Zomato is a restaurant-focused startup that was founded in India in 2008. Since then, the company has expanded steadily throughout the world - except for the United States.
This is rapidly changing, as Zomato has successfully acquired local restaurant review company Urbanspoon. The company says it "spent most of our last round of funding on this acquisition – but we’ve always believed that the edge of our comfort zone is where the magic happens."
This is the second acquisition in the past month, as Zomato also recently bought Cibando.
In the blog post announcing the deal, Zomato CEO Deepi Goyal explains further:
"Urbanspoon has been a dominant player in the US, Canada and Australia for years now, and it’s a great business that’s been built on a solid foundation of exhaustive, rich local restaurant content. Everything they’ve done has been powered by a fantastic team that shares our vision and core values, and brings a wealth of local knowledge and expertise to the table."
"As we stand here now, we felt joining forces with Urbanspoon would be the best way to turbocharge our growth and make our way into the US, Canada and Australia. Without question, this will also help us take significant strides forward in the markets we’ve been sharing with Urbanspoon so far – the UK, Canada, New Zealand, and Ireland."
Based in Seattle and a division of IAC since 2009, Urbanspoon compiles user, critic and blogger reviews and then cultivates community around those reviews. The company sold its proprietary reservations system Rezbook to OpenTable two years ago, and is now focused more on the content side of the business.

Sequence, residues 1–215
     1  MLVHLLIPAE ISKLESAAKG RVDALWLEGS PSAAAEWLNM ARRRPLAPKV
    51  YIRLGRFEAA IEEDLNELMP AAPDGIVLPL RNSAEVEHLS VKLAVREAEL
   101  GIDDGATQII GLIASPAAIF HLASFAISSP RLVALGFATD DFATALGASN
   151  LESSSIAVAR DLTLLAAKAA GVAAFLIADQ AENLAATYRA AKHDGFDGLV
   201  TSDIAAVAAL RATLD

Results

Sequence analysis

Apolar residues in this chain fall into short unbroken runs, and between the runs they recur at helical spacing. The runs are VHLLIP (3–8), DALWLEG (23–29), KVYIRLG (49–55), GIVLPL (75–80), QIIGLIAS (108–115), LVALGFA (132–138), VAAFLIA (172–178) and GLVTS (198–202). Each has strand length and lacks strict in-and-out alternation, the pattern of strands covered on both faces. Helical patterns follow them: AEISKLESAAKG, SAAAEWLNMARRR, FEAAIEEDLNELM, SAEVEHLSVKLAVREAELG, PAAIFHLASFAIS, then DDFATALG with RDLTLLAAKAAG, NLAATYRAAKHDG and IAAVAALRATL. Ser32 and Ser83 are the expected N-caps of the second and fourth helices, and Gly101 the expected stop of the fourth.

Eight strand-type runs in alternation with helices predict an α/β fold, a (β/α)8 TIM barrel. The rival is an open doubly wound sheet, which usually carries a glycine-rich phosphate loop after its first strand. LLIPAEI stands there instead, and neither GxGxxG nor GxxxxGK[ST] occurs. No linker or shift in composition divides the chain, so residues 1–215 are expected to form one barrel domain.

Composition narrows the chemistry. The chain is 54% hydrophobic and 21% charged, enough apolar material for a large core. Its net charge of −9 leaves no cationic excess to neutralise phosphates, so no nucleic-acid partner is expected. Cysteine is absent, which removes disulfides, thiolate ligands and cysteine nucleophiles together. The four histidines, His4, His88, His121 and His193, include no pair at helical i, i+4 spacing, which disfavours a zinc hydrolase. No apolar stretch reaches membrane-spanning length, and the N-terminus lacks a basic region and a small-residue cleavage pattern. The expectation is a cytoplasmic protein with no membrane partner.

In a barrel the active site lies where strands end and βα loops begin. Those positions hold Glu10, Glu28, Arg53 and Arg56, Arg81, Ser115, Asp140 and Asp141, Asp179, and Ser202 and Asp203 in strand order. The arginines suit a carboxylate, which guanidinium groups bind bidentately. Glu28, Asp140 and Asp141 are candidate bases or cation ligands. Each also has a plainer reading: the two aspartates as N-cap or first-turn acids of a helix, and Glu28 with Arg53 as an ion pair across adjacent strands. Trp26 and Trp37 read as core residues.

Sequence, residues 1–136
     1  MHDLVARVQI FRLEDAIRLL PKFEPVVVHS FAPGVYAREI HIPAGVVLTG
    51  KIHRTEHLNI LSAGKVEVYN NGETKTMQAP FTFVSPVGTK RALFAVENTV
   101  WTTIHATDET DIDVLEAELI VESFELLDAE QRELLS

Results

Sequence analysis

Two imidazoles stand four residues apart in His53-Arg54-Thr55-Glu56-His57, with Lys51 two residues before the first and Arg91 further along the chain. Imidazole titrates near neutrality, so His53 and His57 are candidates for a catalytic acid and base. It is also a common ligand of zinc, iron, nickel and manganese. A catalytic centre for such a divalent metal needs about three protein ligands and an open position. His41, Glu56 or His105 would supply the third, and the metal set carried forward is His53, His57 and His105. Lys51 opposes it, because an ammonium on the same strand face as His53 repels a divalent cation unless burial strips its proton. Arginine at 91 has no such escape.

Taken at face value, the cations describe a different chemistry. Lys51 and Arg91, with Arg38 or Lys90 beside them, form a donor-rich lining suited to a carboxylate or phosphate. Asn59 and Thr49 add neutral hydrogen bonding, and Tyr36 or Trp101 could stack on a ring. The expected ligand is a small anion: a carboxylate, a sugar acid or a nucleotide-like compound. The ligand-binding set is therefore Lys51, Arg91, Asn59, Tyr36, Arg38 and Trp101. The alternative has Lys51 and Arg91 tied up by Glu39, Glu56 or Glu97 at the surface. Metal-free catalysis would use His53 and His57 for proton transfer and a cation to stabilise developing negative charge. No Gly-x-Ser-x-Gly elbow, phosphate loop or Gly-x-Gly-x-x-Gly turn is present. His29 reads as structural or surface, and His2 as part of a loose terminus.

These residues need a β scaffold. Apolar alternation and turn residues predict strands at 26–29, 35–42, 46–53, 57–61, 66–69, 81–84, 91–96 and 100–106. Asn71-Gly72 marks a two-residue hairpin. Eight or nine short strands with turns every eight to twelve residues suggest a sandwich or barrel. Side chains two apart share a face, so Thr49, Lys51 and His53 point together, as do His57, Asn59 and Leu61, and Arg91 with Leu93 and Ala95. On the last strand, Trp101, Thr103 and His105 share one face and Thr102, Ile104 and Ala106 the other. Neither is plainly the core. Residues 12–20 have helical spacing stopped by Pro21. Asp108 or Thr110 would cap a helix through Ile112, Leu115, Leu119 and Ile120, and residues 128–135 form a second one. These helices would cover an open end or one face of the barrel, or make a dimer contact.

The link up with UrbanSpoon gives Zomato a solid foothold in the United States, where it can experiment with comprehensive marketing and other products to help restaurants both actively attract consumers and ensure satisfaction during the visit.
This focus on alternative products beyond simply advertising to users will set it apart from Yelp, the predominant local competitor that is now pursuing rapid international growth of its own.
For success in the US, Zomato will need to do a good job at differentiating itself from Yelp with both users and business owners. Yelp has developed a certain style of community, and the question will be: How does Zomato's community and style fit into the American food consumer landscape?
The company has identified its most pressing challenges as:
"Needless to say, the road ahead is a long one, and there are big challenges to overcome. For one, we’ll need to ensure that Urbanspoon’s website and app are integrated into Zomato smoothly over the next couple of months, without sacrificing the usability or utility of either. Urbanspoon has built vast legions of faithful followers over the years, and we’ll need to work extra hard to ensure that the finished product is one that users and merchants alike will love and enjoy using."
For Yelp, the fight has come home. The company will now have to fight battles on multiple fronts - against a newly minted competitor here on home turf with international reach, while also ensuring the successful transition of recent acquisitions of Restaurant-Kritik and CityVox.
On its end, Zomato is relishing the prospect of the fight ahead, saying in the blog:
"The biggest challenge and most fun part of this move, however, is the fight we’re going to be picking with Yelp. In the market they have dominated for so long. After all, like Mark Twain famously said, it isn’t the size of the dog in the fight, it’s the size of the fight in the dog."
Yelp's stock is trading down 2.5% on the news so far today.
Other outlets have reported the purchase price in the realm of $60 million, and that CEO Keela Robinson will depart as the result of the deal.
Zomato claims 331,000 listings in 19 countries and is currently not operating in the United States. Yet the company took on an additional $60 million in a round led by Sequoia, signalling serious growth ambitions.
The combined company will be quite enormous, as the following graphic makes clear.